In the years 1966/67 Frans Fransson founds out, that the sound generating function of double-reed woodwind instruments corresponds to a chain of pressure pulses, which determines the envelope of the sound spectrum (Fransson 1966; Fransson 1967): The spectral envelope gets gaps and between them spectral maxima: the so called formants.
(Formant = formants (formant areas) are stable areas in the spectrum, where the amplitude of the partials is particularly strong, independent of the pitch of the fundamental. These areas or spectral maxima are characteristic for each instrument and are responsible for the impression of the typical instruments timbre).
It could be shown that wind instrument timbres mostly are generated by this principle. The characteristic timbre of a wind instrument is only a result of the shape of the excitating pulses. In the case of original wind instruments these pulse chains are generated by the valve function of the (double) reed or lips.
Measurement of the double-reeds opening and closing time in the case of the bassoon (Voigt 1975):
The steady opening and closing of the reeds or lips is modeled by the pulse forming process: Instead of a short opening of the lips/reeds a corresponding shaped electronic pulse is used for synthesis.
According to the theory of the creation of cyclical spetra by pulse chains there are the following principles to modify the spectral shape:
The basic condition for stable formant areas are constant closing times
of the (double) reeds or lips, independent of the pulse frequency (period).
This means: The speed or frequency of the pulse chain does not matter,
only the width of the pulses (i.e. closing times) have to be constant.
In the case of timbres played in low dynamics (pp) the
pulse shape is rounded. This means for the spectrum, that the higher
partials are not so strongly marked as normal.
In the case of a minimal shortening of the pulse width the spectral gaps
and maxima (formants) move to higher partials. This is the case by crescendo
playing wind instruments and corresponds the the principle of shifting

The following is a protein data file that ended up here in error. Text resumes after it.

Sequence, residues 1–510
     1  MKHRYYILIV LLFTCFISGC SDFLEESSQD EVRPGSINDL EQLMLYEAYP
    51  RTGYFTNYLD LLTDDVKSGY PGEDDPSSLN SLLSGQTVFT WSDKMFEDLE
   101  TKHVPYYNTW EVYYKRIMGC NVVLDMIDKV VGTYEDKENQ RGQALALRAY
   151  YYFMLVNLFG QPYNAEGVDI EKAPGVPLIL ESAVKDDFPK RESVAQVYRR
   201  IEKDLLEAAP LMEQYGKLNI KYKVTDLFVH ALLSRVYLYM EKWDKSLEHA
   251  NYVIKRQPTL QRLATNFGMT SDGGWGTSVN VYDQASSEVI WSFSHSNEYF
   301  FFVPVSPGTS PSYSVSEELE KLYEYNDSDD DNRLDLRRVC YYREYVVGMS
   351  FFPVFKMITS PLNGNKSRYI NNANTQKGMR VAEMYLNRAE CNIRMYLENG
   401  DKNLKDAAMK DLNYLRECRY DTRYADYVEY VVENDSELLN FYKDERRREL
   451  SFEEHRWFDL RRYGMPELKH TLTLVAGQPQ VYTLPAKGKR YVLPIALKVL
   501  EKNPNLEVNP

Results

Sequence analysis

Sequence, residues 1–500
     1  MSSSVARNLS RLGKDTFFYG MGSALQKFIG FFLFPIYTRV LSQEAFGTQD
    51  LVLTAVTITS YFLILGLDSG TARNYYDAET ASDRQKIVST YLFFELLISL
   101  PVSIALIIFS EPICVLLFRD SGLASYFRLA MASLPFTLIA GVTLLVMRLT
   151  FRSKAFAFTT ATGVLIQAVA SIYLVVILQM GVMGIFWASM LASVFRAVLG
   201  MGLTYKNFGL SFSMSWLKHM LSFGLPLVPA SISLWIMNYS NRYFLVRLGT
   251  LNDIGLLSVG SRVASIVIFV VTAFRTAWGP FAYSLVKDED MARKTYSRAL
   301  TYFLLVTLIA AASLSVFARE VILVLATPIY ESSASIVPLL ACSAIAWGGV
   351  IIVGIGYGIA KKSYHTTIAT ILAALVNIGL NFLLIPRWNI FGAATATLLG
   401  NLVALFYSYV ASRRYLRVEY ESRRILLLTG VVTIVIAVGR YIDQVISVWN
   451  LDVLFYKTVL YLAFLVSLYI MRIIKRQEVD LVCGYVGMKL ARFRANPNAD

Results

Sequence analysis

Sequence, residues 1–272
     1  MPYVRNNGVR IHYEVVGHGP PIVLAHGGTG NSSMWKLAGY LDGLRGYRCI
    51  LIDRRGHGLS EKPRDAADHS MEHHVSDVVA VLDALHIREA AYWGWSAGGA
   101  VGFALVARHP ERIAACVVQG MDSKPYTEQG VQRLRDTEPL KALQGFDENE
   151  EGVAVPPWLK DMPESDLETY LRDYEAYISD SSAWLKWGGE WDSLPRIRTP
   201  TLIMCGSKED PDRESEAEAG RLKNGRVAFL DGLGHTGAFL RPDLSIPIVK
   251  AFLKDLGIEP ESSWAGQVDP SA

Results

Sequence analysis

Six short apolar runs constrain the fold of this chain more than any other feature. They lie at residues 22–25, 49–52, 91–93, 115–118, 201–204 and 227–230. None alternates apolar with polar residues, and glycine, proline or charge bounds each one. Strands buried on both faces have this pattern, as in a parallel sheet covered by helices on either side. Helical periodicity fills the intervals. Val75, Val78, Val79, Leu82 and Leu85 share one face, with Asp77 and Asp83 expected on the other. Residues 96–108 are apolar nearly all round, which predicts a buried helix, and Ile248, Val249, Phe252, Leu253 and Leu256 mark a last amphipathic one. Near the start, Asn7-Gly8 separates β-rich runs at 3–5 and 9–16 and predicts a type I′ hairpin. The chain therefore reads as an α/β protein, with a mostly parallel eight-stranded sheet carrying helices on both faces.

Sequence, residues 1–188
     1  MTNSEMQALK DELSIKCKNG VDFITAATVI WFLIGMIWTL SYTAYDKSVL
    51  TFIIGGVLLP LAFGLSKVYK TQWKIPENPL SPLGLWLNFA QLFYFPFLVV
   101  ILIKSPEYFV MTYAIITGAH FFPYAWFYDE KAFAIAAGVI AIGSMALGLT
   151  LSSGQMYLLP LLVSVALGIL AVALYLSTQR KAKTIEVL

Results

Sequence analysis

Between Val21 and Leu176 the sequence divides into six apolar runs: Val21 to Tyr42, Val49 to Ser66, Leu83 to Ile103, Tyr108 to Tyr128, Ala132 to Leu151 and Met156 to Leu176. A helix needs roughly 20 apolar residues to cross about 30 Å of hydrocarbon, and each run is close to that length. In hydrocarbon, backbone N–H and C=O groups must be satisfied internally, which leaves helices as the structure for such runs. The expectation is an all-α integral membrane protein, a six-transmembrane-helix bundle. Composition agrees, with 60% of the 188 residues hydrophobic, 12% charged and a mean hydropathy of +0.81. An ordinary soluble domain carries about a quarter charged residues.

formant areas found by Karl Erich Schumann in the 1920ies.
The pulse forming process of the Variophon and of the Martinetta works with rectangular pulses. This is not the case in the sound generation of real instruments: Here one would get only rectangle pulses in the sound generating process, if the opening and closing times of the reeds/lips would be infinite small. But this is not the case: Between the "open" and "close" state is a small transitory distance. So one has to assume cosine or triangle shaped pulses in the sound generating process of wind instruments to be absolutely correct. But the rectangle shaped pulses work very well for the wind instrument synthetisation.
The following principles are valid for the pulse forming process with triangle shaped pulses:
The distribution of the spectral gaps is dependent on the attack and decay time (t1 and t2-t1) of the triangle shaped pulse (t2) inside a cycle (T): As long as the decay time (t2-t1) has a harmonic ratio to the whole cycle (T) and as long as the ratio between attack and decay time (t1 and t2-t1) stays constant, the positions of the spectral maxima and minima remain constant also.
The ratio between the decay time (t2-t1) and the whole cylcle (T) determines
the main maxima and minima of the spectral envelope, whereas the ratio
between the attack time (t1) and the whole cylcle (T) causes the minor
spectral maxima and minima between the main maxima and minima of the spectral
The principles for the spectra of cosine and composite pulses are a little more complex. They are described in the works of Blens (1993), Fricke & Blens (1994), Baumgartner (2012) and Gadermaier (2013).